For most of us, summer has wound down and school is either in session or just around the corner. The time for preventing summer brain drain is over. But you can continue to reinforce math skills with your kids (and even yourself!) no matter what time of year it is. Here are some really neat games, puzzles and books that help:

Rush Hour

As the video below shows, this game looks like it’s for little kids — but it’s not! I became obsessed with Rush Hour a few years ago, and I periodically bring it out to give myself a challenge. Additional cards can be purchased in expansion packages. Kids (and parents) can play alone or challenge one another to see who can get out of the traffic jam quickest! (Ages 8 years old and up, $19.99, ThinkFun)

Sudoku

If you’ve ever done one of these puzzles, you know that Sudoku doesn’t have much to do with everyday math. But they do reinforce pattern-identification skills, which is critical for basic math skills. These puzzles aren’t limited to numbers, either. For little kids (Kindergarten through first grade), try picture-based Sudoku. Or use a number Sudoku to help your child remember or learn his numbers.

Connect the Dots

For really little kids, this perennial favorite is a great way to reinforce counting numbers. But these puzzles aren’t just for tiny brains. Look for options that count by 2s or 10s or even consecutive prime numbers. Check out Monkeying Around for much more challenging designs.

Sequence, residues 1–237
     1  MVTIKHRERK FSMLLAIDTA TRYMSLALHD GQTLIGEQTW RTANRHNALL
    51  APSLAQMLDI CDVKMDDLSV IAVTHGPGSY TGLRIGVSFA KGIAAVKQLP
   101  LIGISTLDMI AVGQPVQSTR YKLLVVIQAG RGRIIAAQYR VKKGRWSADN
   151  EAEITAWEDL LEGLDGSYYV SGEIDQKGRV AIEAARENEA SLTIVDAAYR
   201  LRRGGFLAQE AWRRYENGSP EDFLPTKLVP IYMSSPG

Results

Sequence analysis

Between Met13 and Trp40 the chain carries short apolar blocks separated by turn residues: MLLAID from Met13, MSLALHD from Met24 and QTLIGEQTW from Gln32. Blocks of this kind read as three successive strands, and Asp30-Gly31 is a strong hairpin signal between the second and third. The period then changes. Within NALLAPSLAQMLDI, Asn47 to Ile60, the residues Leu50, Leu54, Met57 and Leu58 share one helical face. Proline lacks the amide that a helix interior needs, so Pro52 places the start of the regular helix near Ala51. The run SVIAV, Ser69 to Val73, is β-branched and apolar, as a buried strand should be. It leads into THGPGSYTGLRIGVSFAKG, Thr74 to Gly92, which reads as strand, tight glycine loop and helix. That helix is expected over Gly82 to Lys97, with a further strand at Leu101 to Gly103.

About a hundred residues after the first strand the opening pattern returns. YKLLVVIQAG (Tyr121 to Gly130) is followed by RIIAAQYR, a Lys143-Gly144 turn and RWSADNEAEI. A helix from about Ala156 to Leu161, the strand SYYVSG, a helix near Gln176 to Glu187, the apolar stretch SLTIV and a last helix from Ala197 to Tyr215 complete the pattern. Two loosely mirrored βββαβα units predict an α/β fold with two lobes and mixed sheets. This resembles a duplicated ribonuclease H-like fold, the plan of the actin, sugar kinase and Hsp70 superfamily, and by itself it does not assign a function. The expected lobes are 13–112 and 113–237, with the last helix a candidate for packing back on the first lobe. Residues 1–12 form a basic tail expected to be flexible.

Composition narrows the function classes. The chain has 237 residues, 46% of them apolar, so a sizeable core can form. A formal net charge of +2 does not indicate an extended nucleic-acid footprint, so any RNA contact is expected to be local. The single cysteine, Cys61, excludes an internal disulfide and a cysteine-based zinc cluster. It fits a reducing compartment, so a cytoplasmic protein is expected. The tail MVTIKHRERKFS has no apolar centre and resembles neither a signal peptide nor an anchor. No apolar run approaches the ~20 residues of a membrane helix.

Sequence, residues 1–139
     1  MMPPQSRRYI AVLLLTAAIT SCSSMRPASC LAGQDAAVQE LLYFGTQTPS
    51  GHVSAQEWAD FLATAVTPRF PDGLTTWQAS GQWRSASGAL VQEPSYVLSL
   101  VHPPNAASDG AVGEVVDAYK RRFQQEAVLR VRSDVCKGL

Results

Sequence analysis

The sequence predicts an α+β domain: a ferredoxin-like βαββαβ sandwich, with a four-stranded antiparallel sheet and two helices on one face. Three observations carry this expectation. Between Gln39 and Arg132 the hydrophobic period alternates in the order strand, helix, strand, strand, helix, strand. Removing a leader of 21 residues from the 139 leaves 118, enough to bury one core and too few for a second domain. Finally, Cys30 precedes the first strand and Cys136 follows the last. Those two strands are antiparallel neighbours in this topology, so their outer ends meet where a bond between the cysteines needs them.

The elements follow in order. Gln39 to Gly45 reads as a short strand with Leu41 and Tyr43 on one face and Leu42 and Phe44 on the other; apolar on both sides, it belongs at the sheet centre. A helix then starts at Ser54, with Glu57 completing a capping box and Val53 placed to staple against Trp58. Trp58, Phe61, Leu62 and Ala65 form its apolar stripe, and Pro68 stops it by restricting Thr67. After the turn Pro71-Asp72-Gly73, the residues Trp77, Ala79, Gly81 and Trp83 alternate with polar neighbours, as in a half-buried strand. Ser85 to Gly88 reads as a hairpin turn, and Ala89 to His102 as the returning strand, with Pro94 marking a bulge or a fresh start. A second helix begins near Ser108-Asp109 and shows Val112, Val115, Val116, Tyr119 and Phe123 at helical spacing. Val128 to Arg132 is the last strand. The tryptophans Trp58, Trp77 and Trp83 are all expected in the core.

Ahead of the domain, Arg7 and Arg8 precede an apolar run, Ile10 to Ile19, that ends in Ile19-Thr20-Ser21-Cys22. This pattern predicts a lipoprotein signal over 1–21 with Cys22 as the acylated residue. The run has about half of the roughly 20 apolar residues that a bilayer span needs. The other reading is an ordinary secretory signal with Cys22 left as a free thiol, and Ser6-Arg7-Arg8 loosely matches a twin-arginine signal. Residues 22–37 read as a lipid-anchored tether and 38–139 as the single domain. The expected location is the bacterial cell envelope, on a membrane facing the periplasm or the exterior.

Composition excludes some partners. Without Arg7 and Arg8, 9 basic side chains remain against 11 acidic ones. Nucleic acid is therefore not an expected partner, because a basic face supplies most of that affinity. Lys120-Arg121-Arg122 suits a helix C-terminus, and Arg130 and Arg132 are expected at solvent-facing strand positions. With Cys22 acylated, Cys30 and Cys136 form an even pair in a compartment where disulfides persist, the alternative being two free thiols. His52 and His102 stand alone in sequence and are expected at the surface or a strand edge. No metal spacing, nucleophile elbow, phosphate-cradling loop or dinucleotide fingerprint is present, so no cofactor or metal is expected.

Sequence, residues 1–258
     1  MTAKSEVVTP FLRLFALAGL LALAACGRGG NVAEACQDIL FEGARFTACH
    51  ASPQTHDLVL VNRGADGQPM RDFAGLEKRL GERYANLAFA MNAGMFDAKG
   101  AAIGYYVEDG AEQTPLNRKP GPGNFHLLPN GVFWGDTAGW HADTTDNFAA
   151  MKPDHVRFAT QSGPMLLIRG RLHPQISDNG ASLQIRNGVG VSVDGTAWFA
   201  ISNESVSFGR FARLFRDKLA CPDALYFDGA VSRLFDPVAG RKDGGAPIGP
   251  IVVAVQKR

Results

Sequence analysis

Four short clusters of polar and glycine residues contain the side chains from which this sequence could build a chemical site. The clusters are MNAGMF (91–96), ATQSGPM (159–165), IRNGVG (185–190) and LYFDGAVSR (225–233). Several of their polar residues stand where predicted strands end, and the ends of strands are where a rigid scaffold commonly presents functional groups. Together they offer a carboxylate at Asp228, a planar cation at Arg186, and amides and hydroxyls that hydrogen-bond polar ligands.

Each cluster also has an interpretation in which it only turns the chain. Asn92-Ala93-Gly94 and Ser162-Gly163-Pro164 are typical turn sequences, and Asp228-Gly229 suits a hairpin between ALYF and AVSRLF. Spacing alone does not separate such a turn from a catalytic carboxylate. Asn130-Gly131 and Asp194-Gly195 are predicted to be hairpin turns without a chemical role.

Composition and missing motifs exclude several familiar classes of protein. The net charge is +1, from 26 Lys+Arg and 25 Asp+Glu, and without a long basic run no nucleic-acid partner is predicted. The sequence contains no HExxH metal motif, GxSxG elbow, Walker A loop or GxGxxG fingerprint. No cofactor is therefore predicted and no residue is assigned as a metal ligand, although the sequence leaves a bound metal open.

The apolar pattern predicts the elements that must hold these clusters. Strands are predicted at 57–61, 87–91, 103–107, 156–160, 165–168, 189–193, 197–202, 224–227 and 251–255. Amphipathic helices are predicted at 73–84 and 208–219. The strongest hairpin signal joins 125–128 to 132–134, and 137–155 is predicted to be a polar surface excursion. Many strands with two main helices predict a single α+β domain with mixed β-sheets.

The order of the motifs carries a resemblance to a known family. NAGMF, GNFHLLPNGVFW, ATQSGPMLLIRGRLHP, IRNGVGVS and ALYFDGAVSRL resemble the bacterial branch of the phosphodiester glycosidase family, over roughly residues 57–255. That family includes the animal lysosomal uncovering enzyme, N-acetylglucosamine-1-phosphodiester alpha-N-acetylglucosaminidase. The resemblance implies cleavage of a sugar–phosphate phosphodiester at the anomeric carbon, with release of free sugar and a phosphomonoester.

Set Game

This is an oldie, but a goodie. The idea is to identify a “set” of three cards (from an array of 12 cards), based on four characteristics: color, shape, shading and number. It takes a while to get hang of this, but once players see the similarities and differences in the cards, the game can get really fast. Check out other games made by SET Enterprises. (Ages 8 years old and up, $12.99, SET Enterprises)

Books by Greg Tang  (Bonus suggestion, which wasn’t a bonus until a kind commenter pointed out that I didn’t count accurately. Oy.)

Featuring an intuitive approach to learning and understanding math, Greg Tang‘s books aren’t contrived stories that have a math lesson. Each page is chock full of problem-solving skills that encourage kids to discover new connections in math. New York Times Bestseller, Grapes of Math centers around a series of math riddles that delve deep into kids understandings of grouping and creative addition processes. His website was just amped up with cool online games, too.

Do you have a favorite game or book that sneaks in some math? Share it in the comments section!

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